Well I hadn't seen her for 2 weeks but we went over on the weekend. Prior to that it had been every weekend since November. During the summer and in our pre dog days it was more random but we've always seen them a fair bit.

Yes I feel alarm bells for if we have a child. I think she'd want to be really involved (great!) but would want it on her terms and I would find it awkward to get it to be on OUR terms. I know she already wants to provide the childcare and I absolutely want to be there myself and then when I'm not use a childcare setting for socialisation purposes etc (aside from which it doesn't sit right with me using gps for care as well as babysitting). I know from things she's said before this would be a sticking point. She's keen to be a grandparent..

I agree we absolutely have to be united. We've discussed things before with my mother where we've been united. We do always say we have to be a team and from our discussions on having children over the years I know we believe in being a united front, it just needs to translate to our wider family relations too!

If I say I don't want to go over he might sulk or have a go at me asking why and remind me of all they do/have done for us. Equally he does accept sometimes I don't want to go but it's certainly not a case of ok well have a great day, I'll be back later. His mother has commented to him a few times recently that I haven't wanted to go as much and he's pulled me up on it. Because I wasn't prepared for it I didn't explain myself in a good way and he became defensive. I know if I'd heard the same I might have reacted similarly hence why I wanted to broach it better. However I find it outrageous his mum would say stuff to him like that as its creating a hierarchy between us and he has to choose a side.

MrsW absolutely I just ignore and try to comment on other things about the friend that are positive but my word it's tiring.

I find her quite volatile in terms of her moods and she idolises her sons and doesn't really have much going on other than them. Both adult children. Attila part of what you said feels true and this is why I want to discuss this before we ever do go onto have our own family and then have to awkwardly tell her to back off while my own family meet my view of acceptable boundaries. Having said that who's to say she would change for the dog but then be a nightmare with a child. Argh. I think from what I know of her more difficult childhood than most that this could be done to that. It does feel like an element of control so that we dance to her tune and I'm second. When I have put myself forward by saying we're going home she pouts. If my partner initiates us leaving its fine.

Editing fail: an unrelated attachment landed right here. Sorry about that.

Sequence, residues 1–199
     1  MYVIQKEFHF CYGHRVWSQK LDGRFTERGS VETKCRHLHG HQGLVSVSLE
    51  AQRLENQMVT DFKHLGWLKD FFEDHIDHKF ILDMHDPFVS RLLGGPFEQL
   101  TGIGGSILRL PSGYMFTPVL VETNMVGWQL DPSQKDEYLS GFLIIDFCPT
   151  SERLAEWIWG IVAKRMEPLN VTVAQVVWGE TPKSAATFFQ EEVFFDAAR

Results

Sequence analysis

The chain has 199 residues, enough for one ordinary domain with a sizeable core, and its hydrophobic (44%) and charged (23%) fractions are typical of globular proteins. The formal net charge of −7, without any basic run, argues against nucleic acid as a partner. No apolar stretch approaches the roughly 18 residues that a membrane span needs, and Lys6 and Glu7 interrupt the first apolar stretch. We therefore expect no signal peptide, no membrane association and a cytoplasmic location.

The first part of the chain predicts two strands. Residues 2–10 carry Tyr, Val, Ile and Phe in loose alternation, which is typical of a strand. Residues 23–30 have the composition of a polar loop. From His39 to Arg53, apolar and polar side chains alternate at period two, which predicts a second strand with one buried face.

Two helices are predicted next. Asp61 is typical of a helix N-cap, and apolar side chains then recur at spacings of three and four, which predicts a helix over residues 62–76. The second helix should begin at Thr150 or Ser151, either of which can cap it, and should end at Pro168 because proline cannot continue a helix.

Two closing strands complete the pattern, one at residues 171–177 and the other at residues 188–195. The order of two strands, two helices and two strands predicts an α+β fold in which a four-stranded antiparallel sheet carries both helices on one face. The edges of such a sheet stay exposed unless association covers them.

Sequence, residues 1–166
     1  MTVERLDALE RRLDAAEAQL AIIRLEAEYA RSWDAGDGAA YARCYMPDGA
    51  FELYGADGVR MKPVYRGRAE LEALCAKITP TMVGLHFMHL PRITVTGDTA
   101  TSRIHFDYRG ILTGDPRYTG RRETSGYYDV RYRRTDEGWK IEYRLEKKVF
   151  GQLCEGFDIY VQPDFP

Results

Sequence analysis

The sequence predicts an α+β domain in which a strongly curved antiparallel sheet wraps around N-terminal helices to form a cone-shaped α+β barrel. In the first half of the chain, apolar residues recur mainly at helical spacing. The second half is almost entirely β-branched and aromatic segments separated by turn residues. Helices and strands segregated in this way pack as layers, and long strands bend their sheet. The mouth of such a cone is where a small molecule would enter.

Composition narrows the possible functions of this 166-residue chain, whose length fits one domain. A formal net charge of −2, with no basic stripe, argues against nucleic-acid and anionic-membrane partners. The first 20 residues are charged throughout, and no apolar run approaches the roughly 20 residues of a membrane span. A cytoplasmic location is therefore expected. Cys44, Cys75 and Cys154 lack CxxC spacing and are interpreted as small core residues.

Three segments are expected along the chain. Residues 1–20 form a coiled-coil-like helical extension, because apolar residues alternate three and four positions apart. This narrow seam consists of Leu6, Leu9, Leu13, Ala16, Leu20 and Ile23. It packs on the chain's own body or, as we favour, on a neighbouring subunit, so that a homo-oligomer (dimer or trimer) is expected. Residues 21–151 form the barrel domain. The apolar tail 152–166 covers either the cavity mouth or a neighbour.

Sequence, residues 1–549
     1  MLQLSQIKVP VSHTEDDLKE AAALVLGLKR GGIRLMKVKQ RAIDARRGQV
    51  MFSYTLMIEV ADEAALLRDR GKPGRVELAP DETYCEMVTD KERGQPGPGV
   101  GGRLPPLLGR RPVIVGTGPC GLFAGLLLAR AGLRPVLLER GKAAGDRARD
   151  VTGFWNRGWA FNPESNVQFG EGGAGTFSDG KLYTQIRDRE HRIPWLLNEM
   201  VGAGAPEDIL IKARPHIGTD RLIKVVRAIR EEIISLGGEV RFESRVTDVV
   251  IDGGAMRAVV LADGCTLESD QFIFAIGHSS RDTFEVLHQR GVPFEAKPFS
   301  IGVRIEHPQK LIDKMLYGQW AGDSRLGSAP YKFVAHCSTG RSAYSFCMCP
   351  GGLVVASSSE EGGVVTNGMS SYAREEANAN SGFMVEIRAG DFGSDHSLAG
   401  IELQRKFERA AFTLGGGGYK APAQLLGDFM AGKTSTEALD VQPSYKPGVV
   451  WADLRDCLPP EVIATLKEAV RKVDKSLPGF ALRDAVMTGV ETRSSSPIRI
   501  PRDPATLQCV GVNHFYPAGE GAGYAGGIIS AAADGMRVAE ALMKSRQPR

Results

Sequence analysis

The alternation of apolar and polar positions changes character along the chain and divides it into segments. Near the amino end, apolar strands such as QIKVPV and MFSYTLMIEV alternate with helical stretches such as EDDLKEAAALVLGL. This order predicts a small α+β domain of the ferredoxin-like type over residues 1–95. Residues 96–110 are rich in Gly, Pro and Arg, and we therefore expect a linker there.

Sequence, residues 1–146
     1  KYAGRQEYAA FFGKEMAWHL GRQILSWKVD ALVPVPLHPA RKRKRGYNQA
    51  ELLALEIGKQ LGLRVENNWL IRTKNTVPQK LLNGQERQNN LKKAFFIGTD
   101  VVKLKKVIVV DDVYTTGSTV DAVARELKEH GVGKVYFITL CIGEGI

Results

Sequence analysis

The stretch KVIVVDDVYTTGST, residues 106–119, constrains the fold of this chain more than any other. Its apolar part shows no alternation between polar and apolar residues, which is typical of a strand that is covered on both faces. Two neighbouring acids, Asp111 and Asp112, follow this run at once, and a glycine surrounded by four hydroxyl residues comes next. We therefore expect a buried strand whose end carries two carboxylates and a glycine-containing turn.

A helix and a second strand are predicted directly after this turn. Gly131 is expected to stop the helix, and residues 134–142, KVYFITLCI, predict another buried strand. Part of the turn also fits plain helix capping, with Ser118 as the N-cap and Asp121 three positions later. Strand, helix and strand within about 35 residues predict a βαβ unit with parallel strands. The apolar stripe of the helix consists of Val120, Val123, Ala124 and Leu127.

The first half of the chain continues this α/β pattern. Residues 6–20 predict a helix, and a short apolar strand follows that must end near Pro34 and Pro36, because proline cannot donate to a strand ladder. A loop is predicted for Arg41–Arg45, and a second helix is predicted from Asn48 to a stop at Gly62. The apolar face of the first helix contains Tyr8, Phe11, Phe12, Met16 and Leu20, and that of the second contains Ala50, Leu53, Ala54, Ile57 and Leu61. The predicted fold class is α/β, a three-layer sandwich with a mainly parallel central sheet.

I feel sorry for my partner to have to deal with it and feel probably pulled in competiting directions. I wouldn't consider ending a relationship over this however I suppose the consequence of me talking to him would be more telling. Again though I don't think I would! confused

MorrisZapp Mon 18-Jan-16 13:05:36

Just don't go. He can go by himself. If he isn't keen on this, explain why. If he doesn't respect your right to do what the hell you like in your own free time, he is an arsehole and your efforts to change him will probably prove fruitless.

She isn't the problem, he is.

mintoil Mon 18-Jan-16 17:22:57

Agree with PP your DP appears to be the problem. He can see his DM as often as he likes, but you and Puppy Sunflower shouldn't be at her beck and call. What would he say if you said no?

I seriously would not have DC with this man unless you are planning on moving far far away.

OnceAMeerNotAlwaysAMeer Mon 18-Jan-16 18:03:21

Having said that who's to say she would change for the dog but then be a nightmare with a child

chances are she'll be a lot worse with a grandchild than a dog. One is a baby related to her by blood from her beloved son whom she relies on a great deal. The other is a dog.

Be careful because if you do want to have a child with him, you need to know that he puts you above his mother (if it comes to a stark choice).

Hopefully it won't.

But if she's behaving like this with a dog, it would be an idea to plan for her being three times worse with a baby. Just in case.